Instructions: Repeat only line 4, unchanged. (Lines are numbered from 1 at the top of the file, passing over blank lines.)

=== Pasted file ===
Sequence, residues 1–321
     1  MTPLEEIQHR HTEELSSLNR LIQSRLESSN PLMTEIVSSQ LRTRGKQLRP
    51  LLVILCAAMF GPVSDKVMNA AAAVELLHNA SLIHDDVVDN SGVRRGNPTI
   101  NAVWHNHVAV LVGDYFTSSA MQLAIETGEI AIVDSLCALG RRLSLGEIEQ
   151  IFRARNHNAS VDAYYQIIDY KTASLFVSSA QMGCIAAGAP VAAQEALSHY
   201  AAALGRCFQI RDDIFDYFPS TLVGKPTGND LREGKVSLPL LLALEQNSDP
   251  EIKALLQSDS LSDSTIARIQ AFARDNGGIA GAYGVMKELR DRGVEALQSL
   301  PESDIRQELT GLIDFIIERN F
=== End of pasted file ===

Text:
   101  NAVWHNHVAV LVGDYFTSSA MQLAIETGEI AIVDSLCALG RRLSLGEIEQ